A cat’s natural behavior repertoire comprises behaviors such as scratching, climbing, and attention-seeking.

From the feline perspective, these behaviors maintain claw health, enable visual and pheromonal territory marking, and can provide safe vantage points for potential threats (especially in multiple-cat households). Depending on early experience and genetics, some cats may be more social and interactive with humans than others.3 Because of this they may demonstrate more attention-seeking behaviors.

From the human perspective, however, some of these behaviors are considered undesirable and may lead cat owners to have the cat declawed, rehomed, or even euthanized. However, other options exist.


The natural behaviors discussed in this article are scratching, climbing, and attention-seeking. All have the potential to destroy property (e.g., clawing furniture, climbing curtains, knocking objects off counters) and can range from annoying to downright dangerous (e.g., chewing electric cords, biting or otherwise distracting people).


According to a study published by Morgan and Houpt, about 60% of cats with no underlying behavior problem will scratch furniture.4 Scratching serves to remove dead cells from the claws and to communicate the cat’s territory. Some cats prefer to scratch on vertical surfaces; others prefer horizontal. Scratching is a self-reinforcing behavior; ignoring it will not solve the problem.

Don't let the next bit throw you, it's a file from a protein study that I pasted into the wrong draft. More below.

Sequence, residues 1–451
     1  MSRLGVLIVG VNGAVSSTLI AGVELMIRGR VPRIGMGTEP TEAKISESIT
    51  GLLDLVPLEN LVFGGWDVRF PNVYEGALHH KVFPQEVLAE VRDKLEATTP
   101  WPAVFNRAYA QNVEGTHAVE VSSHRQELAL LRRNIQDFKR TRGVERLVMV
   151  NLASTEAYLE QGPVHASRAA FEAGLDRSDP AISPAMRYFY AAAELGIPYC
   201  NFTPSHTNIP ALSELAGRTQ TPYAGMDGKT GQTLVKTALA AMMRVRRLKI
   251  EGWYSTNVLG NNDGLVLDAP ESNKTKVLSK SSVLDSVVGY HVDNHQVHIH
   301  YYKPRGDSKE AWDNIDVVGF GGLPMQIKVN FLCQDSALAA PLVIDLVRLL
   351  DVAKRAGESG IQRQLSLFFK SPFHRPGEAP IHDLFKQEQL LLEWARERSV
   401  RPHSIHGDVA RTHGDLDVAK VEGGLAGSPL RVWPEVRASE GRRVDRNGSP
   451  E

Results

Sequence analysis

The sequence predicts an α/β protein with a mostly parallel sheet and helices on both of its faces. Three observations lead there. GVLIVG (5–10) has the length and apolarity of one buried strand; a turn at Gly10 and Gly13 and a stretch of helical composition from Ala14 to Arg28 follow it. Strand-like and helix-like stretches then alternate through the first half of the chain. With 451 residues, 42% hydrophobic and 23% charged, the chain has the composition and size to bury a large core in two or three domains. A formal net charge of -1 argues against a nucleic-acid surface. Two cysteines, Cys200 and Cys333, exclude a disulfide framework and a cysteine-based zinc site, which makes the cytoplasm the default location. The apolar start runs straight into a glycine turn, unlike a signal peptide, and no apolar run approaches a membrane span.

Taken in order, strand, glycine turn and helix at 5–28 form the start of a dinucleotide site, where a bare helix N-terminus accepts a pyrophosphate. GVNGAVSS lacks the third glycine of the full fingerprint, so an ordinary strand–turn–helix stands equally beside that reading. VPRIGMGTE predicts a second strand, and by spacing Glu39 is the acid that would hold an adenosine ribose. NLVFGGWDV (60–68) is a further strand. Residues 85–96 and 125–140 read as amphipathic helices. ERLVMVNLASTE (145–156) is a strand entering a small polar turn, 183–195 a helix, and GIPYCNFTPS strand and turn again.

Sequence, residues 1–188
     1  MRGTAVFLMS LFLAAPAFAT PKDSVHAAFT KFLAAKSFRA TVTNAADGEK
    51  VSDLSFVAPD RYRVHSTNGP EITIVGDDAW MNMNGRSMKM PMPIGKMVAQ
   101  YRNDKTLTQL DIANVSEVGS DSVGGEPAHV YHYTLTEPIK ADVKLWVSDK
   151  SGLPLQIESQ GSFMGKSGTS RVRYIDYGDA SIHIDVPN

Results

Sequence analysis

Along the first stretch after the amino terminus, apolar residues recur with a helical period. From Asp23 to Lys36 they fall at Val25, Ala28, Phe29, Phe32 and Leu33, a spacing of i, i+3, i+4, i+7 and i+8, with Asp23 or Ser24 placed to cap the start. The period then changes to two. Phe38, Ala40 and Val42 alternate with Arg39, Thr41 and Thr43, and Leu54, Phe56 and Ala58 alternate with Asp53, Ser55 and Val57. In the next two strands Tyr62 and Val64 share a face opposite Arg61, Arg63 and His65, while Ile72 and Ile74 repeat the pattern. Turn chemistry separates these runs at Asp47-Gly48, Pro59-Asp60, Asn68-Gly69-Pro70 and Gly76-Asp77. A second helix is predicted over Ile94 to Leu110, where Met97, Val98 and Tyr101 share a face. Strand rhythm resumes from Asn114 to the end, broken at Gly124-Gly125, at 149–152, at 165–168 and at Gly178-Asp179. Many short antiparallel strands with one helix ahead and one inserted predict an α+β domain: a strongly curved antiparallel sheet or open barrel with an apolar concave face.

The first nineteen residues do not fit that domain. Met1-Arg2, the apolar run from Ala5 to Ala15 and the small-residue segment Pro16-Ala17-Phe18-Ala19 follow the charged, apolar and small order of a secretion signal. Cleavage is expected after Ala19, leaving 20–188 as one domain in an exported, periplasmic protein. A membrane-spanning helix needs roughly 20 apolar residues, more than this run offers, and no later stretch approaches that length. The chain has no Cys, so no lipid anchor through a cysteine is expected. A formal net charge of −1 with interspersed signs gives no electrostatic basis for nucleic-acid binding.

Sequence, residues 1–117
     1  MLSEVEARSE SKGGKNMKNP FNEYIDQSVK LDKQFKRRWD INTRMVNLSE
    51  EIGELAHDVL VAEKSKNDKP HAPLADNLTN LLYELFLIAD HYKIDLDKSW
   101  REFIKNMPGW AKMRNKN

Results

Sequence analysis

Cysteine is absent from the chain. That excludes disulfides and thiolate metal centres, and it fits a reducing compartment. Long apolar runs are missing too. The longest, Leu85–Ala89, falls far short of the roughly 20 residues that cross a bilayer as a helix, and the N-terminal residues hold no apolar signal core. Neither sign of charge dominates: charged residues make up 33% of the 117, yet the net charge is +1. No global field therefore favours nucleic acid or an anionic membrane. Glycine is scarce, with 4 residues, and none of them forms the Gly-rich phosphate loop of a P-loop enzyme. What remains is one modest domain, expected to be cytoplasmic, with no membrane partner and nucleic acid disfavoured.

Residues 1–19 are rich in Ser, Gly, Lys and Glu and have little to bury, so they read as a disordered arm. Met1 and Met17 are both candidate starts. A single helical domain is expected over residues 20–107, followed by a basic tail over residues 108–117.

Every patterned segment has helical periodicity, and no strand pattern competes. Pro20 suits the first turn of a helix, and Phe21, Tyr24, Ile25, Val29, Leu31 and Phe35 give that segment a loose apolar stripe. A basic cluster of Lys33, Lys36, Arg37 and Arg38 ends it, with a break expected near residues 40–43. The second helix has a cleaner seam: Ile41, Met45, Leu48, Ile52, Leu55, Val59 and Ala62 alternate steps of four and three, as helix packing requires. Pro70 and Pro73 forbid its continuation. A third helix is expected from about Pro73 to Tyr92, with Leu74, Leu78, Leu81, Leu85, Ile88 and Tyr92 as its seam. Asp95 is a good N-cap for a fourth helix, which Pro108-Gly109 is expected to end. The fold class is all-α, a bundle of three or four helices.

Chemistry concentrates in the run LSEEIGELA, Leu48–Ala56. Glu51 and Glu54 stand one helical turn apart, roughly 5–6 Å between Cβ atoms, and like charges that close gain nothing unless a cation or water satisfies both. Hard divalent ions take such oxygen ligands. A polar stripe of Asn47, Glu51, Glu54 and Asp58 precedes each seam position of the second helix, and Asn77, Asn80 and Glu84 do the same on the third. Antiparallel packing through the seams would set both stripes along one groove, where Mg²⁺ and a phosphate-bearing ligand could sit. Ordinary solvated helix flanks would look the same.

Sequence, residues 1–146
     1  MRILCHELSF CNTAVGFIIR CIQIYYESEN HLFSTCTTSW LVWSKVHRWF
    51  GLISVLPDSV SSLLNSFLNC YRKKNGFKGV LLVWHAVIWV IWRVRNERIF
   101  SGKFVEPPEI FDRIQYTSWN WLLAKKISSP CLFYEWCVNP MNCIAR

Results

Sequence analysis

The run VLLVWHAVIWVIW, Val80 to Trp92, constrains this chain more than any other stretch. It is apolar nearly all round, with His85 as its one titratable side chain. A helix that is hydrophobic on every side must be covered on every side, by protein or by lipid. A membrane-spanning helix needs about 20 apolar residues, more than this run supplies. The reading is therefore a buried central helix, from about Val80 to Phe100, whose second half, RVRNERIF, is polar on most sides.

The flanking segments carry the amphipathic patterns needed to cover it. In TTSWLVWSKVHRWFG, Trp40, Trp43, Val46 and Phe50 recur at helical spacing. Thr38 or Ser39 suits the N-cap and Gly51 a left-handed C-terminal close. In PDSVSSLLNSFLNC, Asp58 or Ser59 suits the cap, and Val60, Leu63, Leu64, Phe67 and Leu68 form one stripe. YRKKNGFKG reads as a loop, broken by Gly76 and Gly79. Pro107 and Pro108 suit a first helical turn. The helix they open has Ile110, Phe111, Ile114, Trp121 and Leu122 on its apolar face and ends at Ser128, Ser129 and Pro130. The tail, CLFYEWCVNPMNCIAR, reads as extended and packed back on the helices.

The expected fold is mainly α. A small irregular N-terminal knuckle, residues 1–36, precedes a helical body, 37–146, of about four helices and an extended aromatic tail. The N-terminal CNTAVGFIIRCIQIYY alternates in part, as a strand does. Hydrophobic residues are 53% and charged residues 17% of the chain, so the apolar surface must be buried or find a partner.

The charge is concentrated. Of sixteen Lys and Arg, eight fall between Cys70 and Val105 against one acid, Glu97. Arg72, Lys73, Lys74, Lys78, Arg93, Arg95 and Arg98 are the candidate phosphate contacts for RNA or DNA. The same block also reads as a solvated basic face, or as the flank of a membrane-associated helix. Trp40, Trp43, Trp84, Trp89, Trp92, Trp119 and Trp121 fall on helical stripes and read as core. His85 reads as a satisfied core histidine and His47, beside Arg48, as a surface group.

Problem-Solving Suggestions: Recommend that clients provide an appropriate outlet for the cat’s scratching behavior. Ask them to note if the cat is scratching a vertical or horizontal object, its height, its substrate, and its location. Then suggest that the client purchases or builds a scratching object (usually a post or a mat) that meets the cat’s personal preferences. After the alternative scratching object is in place, the client should then block access to the undesirable scratching object. They should give positive reinforcement (treats or praise) when the cat scratches the new object. They can also make the new object more attractive by applying a commercially available artificial pheromone released by cats during scratching. Placement of the pheromone on the desired scratching object should encourage the cat to scratch it.

Alternatively, or in addition, clients can make the undesired scratching location less attractive; however, doing so without providing an alternative scratching location can increase stress and anxiety for some cats. Products available to help eliminate scratching in a minimally stressful way include nail caps, which are soft, nontoxic caps that can be placed on the cat’s claws. If placed correctly, they should cause no damage or discomfort to the cat.


Cats climb to increase their territory and to find safe vantage points and resting places. This behavior is natural for cats, and absence of a climbing outlet can decrease the cat’s welfare.1

Problem-Solving Suggestions: Recommend that clients provide things for the cat to climb. These can be commercial shelves, cat trees, hammocks, or elevated walkways. These places can be made more appealing by adding soft substrates and fleece bedding. As with scratching, clients should provide positive reinforcement when the cat climbs and interacts with the new appropriate object. Suggest that, if possible, they block the cat’s access to the areas with undesirable climbing surfaces.


This behavior can be anything that the cat intentionally does to receive human attention. Attention-seeking behaviors include chewing on cords, jumping on counters, or anything to attract attention from a person who is focused on something other than the cat.